If you have tachycardia, the rate at which heart beats is faster than the normal heart rate, you need to consult a doctor.
Tachycardia is a medical condition of an abnormally fast heart rate (heart rate of more than 100 beats per minute). A healthy adult’s heart beats at a rate of 60 to 100 times per minute. If you have tachycardia, the rate at which it beats may get faster than the normal heart rate. In this condition, the rate of beating in the upper chambers or lower chambers of the heart, or both increases significantly. It starts with a series of early beats in the atria speeding up the heart rate.
When the heart beats faster, it pumps less efficiently and blood triggers slow blood flow to the rest of the body. In fact, the blood flow to the heart itself is reduced. Fast heartbeat doesn’t allow enough time for the heart to fill before it contracts, so blood flow to the rest of the body is compromised. Moreover, it reveals that there is an increase in demand for oxygen by the myocardium (heart muscle). If the condition persists, it may lead to myocardial infarction (heart attack), which occurs because oxygen-starved myocardial cells die.
Tachycardia occurs when there is a disruption of the normal electrical impulses that control the rhythm of your heart's pumping action. The exact cause of tachycardia can't be determined. However, the following may cause or contribute to disrupting the rhythm of the heart’s pumping action.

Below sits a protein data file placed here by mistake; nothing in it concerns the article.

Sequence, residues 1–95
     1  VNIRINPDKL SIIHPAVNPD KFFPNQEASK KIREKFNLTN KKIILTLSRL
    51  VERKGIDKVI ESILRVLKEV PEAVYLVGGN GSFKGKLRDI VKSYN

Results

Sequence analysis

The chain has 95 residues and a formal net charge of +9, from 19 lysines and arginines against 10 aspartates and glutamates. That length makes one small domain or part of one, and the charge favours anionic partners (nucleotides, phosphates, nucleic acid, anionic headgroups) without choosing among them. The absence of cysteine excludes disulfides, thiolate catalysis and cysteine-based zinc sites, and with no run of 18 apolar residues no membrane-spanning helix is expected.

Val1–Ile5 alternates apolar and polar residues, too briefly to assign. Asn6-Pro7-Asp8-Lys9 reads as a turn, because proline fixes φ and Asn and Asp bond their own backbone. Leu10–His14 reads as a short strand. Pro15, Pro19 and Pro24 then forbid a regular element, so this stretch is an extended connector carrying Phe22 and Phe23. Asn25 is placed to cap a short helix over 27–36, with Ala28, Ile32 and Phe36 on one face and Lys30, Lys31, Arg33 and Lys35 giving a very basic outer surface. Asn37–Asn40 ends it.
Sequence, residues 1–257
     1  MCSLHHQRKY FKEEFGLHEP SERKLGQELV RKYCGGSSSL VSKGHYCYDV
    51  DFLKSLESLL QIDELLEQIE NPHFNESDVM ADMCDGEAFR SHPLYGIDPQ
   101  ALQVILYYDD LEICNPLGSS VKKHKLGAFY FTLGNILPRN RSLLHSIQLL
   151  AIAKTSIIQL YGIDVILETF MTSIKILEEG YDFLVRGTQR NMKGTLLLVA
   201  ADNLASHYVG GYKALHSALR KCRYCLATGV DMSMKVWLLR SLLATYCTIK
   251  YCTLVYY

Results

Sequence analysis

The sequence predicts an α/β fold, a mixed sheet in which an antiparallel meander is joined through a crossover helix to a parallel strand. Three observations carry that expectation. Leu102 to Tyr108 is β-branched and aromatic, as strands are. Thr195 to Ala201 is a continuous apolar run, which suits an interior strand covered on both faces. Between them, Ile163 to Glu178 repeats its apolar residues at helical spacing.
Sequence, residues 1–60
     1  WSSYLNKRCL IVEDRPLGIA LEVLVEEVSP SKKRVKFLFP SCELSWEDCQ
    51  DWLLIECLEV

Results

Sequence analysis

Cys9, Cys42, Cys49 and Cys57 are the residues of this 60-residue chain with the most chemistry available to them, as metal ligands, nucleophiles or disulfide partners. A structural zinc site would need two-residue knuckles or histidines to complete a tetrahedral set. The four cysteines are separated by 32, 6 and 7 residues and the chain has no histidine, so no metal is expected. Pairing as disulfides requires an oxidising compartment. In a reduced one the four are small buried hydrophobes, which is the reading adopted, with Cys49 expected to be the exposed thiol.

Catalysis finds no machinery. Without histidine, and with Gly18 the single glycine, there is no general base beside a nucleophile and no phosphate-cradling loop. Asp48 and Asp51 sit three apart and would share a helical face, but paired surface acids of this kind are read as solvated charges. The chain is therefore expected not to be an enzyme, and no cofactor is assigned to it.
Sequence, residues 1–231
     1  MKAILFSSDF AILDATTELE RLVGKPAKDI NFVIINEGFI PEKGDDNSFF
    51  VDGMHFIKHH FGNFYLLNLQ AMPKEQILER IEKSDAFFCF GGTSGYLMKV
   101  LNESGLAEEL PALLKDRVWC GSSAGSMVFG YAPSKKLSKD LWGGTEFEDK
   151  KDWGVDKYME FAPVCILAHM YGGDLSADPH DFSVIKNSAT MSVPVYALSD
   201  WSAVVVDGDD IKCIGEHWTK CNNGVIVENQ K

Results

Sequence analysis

- Damage to heart tissues.
- Congenital defects or abnormalities (abnormal electrical pathways present at birth).
- Poor blood supply.
- Health conditions such as heart failure, heart muscle disease, coronary artery disease (atherosclerosis), heart valve disease (cardiomyopathy), tumours or infections.
- High blood pressure.
- Unhealthy habits such as smoking, drinking too much alcohol, recreational drug abuse and drinking too many caffeinated beverages.
- Side-effect of medications.
- Imbalance of electrolytes.
- Overactive thyroid (hyperthyroidism).
[Read: Supplements for Heart Health]
Medical therapy is not needed to treat many patients with tachycardia, unless the episodes of rapid heart rate are prolonged or occur often. In such a case, your health care practitioner may recommend therapies, such as carotid sinus massage, valsalva maneuver, dive reflex, sedation and lifestyle modifications (restricting coffee, alcohol, tobacco use).
The treatment option of tachycardia depends on what caused the condition, patient's age and his/her overall health. Although, the aim of all the treatment therapies is to slow down accelerated heartbeat, prevent subsequent episodes of tachycardia and reduce its medical complications. Sometimes, when a doctor is not able to figure out the underlying cause, one may try out different therapies or a combination of therapies.
Read more articles on Heart Health.
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